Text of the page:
Most parents I talk to are naturally very interested in the school that their child goes to. Whether they are choosing state or independent, collectively it seems that they spend hours touring schools, reading Ofsted Reports, discussing assessments, moving house, discovering religion etc. The one common purpose of all these varied activities is to ensure that their child goes to THE BEST SCHOOL POSSIBLE at the age of 5.
But are we mad? Is this middle-class obsession and tenacity barking up the wrong tree ? Should we care so much about which school our child goes to or is our input as parents the most important thing? Within my family, my husband’s parents moved from Devon to Buckinghamshire so that their sons could go to grammar schools. My own parents sent me on a hour-long bus journey each day so that I could go to the ‘best school’ in our area and not the local one. Is it necessary to go to these lengths to ensure your child has the best start in life?
Save The Children estimates that 85% of a child’s learning takes place out of school. And they don’t mean playing Mozart to them before they are born, taking them around the Tate Modern every Sunday or tutoring them from the age of 4 (don’t laugh – this is quite common in some circles!). Their research shows that if you give your child proper attention, have boundaries and love and care for them, they’ll do well wherever they go to school.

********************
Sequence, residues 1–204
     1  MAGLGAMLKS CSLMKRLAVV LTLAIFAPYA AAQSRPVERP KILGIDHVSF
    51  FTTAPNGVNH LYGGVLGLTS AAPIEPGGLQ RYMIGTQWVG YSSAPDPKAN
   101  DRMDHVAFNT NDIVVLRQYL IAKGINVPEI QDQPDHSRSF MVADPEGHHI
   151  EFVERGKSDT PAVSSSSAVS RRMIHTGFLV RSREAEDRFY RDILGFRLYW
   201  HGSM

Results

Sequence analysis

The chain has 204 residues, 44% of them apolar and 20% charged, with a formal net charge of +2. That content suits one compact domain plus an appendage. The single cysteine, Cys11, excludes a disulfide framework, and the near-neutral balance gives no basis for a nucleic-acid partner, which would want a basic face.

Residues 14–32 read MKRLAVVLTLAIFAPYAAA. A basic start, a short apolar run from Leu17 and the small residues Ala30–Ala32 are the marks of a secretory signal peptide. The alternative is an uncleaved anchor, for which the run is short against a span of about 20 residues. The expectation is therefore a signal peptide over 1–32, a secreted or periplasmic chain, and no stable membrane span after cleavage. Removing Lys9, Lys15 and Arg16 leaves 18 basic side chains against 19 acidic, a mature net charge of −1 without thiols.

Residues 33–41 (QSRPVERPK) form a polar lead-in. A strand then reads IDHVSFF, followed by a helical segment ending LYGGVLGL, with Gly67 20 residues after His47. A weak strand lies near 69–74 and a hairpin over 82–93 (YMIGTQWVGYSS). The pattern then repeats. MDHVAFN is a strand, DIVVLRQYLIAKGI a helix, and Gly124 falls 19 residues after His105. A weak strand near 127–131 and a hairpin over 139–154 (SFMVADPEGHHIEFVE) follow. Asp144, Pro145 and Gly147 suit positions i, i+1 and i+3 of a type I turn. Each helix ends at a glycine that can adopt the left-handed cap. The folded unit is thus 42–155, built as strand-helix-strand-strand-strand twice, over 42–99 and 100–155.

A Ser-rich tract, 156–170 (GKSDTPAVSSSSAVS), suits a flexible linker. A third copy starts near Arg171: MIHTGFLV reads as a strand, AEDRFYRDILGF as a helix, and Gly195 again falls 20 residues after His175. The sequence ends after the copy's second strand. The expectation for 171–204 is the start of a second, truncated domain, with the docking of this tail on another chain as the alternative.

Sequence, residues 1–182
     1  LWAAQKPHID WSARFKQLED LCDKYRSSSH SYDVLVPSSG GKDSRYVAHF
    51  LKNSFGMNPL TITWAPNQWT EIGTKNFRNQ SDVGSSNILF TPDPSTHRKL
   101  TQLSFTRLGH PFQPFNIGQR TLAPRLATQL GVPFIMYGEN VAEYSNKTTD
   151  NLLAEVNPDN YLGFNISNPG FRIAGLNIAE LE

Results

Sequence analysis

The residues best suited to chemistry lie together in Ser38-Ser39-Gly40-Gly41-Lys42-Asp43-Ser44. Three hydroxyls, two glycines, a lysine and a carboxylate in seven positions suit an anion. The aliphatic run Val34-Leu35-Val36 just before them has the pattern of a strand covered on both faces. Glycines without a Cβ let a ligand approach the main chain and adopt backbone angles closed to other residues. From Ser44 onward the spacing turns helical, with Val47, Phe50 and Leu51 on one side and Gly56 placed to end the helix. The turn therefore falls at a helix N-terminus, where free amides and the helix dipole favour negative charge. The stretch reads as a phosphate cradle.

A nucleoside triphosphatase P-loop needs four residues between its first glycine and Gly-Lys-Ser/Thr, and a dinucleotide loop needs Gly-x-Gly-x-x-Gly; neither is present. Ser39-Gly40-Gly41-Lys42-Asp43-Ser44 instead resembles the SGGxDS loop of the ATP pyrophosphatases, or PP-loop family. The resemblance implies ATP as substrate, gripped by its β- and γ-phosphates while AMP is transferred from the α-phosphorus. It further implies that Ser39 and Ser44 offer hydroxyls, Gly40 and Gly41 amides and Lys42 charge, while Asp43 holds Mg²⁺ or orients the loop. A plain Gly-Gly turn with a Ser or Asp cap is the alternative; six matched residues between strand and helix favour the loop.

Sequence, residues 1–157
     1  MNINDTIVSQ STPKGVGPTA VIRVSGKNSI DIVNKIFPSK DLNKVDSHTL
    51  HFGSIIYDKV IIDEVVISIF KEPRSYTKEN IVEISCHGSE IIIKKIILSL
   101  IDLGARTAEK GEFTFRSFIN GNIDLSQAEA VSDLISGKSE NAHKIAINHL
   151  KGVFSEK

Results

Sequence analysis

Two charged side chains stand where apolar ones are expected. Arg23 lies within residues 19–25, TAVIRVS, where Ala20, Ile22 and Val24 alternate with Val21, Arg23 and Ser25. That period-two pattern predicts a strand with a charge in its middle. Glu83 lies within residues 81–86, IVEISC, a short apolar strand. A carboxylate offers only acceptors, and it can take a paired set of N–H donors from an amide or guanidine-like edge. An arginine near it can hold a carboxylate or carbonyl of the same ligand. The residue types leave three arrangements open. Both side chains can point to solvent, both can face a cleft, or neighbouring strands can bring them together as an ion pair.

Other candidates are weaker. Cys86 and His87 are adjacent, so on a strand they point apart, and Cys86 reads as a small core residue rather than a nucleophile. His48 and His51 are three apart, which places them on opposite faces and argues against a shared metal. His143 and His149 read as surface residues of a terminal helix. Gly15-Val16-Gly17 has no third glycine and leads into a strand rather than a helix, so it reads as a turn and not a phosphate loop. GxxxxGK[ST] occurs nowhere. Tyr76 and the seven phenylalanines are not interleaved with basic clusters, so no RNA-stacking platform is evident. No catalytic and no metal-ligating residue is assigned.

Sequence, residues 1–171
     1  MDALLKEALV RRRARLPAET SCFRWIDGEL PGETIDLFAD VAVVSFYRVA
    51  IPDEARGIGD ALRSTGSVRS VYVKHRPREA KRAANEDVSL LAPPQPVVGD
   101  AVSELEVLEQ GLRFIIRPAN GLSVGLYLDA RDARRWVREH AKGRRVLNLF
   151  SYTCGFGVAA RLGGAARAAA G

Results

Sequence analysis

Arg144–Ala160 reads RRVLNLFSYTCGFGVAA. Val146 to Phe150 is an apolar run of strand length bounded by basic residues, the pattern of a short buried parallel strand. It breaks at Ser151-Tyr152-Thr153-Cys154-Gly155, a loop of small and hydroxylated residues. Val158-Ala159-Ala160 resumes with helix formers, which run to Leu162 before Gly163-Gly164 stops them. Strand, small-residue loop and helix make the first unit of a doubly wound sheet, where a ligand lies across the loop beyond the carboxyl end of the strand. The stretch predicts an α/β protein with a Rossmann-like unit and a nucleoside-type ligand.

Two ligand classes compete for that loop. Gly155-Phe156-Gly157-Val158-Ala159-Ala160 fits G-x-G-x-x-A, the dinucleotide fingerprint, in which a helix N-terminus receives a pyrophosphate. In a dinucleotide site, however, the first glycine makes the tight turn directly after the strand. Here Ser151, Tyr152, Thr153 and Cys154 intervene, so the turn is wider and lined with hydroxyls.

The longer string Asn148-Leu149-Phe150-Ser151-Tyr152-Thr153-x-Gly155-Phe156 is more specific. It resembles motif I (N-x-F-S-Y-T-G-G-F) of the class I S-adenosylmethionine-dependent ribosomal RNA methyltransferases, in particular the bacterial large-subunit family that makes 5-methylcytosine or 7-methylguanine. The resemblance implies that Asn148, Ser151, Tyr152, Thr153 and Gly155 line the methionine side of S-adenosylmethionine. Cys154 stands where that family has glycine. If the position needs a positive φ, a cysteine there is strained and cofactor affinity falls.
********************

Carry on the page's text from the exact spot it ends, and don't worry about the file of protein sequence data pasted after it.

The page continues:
Gianni De Fraja and Tania Oliveira from the University of Leicester and Luisa Zanchi, of the Leeds University Business School also wrote a controversial report which concluded that parental input is much more important for academic achievement than the school attended. Parents active involvement in their child’s education is more valuable to them than going to the the ‘best school with the best teachers’.
As a teacher myself, I know that the parents who get involved at home in what we do at class (sing along with the songs, help line-learn, watch them do the dance routine) give the child a very noticeable added boost which really makes a difference in their enjoyment and achievements. So if it works in drama, why not in Maths and English too?
I’d love to hear your thoughts.